Philippe Dauman, Viacom

Philippe Dauman

Great Brands,
Great Content,
Great Audiences

Editors’ Note

Before joining Viacom, Philippe Dauman was Co-Chairman and Chief Executive Officer of DND Capital Partners, L.L.C. from May 2000 until September 2006. Prior to co-founding DND Capital Partners, Dauman served in several positions at Viacom, including as a Deputy Chairman and Executive Vice President of Viacom Inc. He is a director of National Amusements, Inc.; Lafarge S.A.; and the KIPP Foundation, as well as a member of the Academy of Motion Picture Arts and Sciences and the Business Roundtable. He serves on the Executive Committee of the NCTA, the Board of Trustees for The Paley Center for Media, the Board of Trustees of the North Shore-Long Island Jewish Health System, the Executive Committee of the Lenox Hill Hospital, and the Board of Trustees and Dean’s Council of Columbia University Law School.

Company Brief

Viacom (viacom.com) is a leading global entertainment company delivering content to its audiences via television, motion pictures, and a wide range of digital media. With nearly 170 media networks, Viacom’s brands include MTV, VH1, CMT, Logo, BET, Centric, Nickelodeon, Nick Jr., TeenNick, Nick at Nite, Comedy Central, TV Land, Spike TV, and Tr3s. Paramount Pictures, America’s oldest film studio, continues today as a global producer and distributor of filmed entertainment.

To what do you attribute Viacom’s growth and how has the business performed so well for so many years?

Viacom is a content company with great brands, and it’s that focus that has resulted in the success we have enjoyed.

When you have great content, you can take advantage of the existing and emerging distribution technologies. The developments in technology are exciting for us because they give us new ways to reach our viewers, our Tweeters, and our audiences everywhere they live. We are developing new kinds of content and more of it for our audience on these platforms.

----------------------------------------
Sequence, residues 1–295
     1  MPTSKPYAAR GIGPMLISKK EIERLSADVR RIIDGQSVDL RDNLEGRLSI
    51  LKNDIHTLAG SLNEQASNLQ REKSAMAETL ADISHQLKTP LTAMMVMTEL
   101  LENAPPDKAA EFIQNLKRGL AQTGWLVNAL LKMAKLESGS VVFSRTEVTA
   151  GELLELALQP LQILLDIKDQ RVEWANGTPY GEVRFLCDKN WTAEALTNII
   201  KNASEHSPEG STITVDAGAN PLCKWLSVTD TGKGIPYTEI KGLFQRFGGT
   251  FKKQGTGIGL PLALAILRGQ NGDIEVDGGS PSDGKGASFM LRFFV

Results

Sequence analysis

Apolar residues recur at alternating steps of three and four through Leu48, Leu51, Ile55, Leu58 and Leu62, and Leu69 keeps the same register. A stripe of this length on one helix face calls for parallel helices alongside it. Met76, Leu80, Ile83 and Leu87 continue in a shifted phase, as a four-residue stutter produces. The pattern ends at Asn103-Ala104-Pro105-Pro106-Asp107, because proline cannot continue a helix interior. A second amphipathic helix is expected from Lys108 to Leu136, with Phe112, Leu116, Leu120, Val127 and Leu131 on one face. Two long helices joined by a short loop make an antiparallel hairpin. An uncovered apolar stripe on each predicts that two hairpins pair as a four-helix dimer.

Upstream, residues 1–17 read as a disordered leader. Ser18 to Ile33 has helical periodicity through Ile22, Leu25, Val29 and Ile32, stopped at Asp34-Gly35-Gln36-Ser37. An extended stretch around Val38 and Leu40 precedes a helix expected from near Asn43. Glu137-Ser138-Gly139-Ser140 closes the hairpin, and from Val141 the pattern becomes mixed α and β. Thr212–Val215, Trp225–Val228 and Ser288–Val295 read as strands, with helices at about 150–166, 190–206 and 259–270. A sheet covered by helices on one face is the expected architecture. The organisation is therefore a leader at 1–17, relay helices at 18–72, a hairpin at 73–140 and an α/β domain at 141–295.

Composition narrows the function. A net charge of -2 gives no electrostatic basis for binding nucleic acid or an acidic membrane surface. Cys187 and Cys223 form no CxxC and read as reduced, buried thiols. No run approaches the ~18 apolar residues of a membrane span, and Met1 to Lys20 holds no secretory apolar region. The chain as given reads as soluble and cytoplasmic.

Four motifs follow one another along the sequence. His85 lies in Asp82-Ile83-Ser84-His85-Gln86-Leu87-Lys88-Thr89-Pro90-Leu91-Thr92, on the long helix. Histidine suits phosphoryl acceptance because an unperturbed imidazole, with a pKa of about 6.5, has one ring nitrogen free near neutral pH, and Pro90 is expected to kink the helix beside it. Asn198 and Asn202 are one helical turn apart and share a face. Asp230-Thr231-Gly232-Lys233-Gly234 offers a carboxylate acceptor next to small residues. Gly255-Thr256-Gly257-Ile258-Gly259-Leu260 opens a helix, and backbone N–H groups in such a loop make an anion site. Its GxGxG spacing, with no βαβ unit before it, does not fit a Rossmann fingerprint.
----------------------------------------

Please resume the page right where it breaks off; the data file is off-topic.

It’s that focus on creativity that has made us successful. We also have a lot of good people who know how to monetize the great content we produce.

In addition, on the movie side, we have had a powerful lineup of franchises.

How do you balance digital with traditional revenue?

We do it holistically. Our digital organizations used to be separate from the traditional producers of television for example, or from those who sold ads. We have, over the past few years, made it all one because people no longer distinguish how they get their content delivered. They want great content wherever it appears.

When we look at advertising revenues, affiliate revenues, or distribution revenues, we look at it as a whole and we manage it that way. We look at the different partner relationships we have and what kind of content we give to each. This gets replicated outside of the U.S. as well as domestically.

International growth is also a big part of our story. All of the great content we’re producing here can be exported through channels reflecting our brands, be it MTV, Nickelodeon, Comedy Central or many other brands.

We are also developing new content internationally, some of which is coming back to the U.S.

New technologies and international growth are the pillars of the future development of Viacom.

How strong is the economy in the U.S. and will much of your growth be international?

We’re seeing a low level of growth in the U.S. compared to previous periods of recovery.

Some of it has been driven by low-interest rates, which have persisted, but they can’t stay at the level they’re at, so we need fundamental growth and investment.

Part of the problem is there hasn’t been a quick enough recovery in areas like housing and exports. There have also been unclear government policies, or policies that are not always geared towards improving growth.

There are some signs we can draw some optimism from. We are seeing better growth in Europe in our own business. We also see continued opportunity in a number of emerging markets around the world.

We hope there will be more pro-growth policies coming from different federal and local branches of government, promoting investment, having a more competitive tax structure from a corporate tax standpoint, and having business confidence translate into more capital investment, which ultimately is necessary to drive the economy.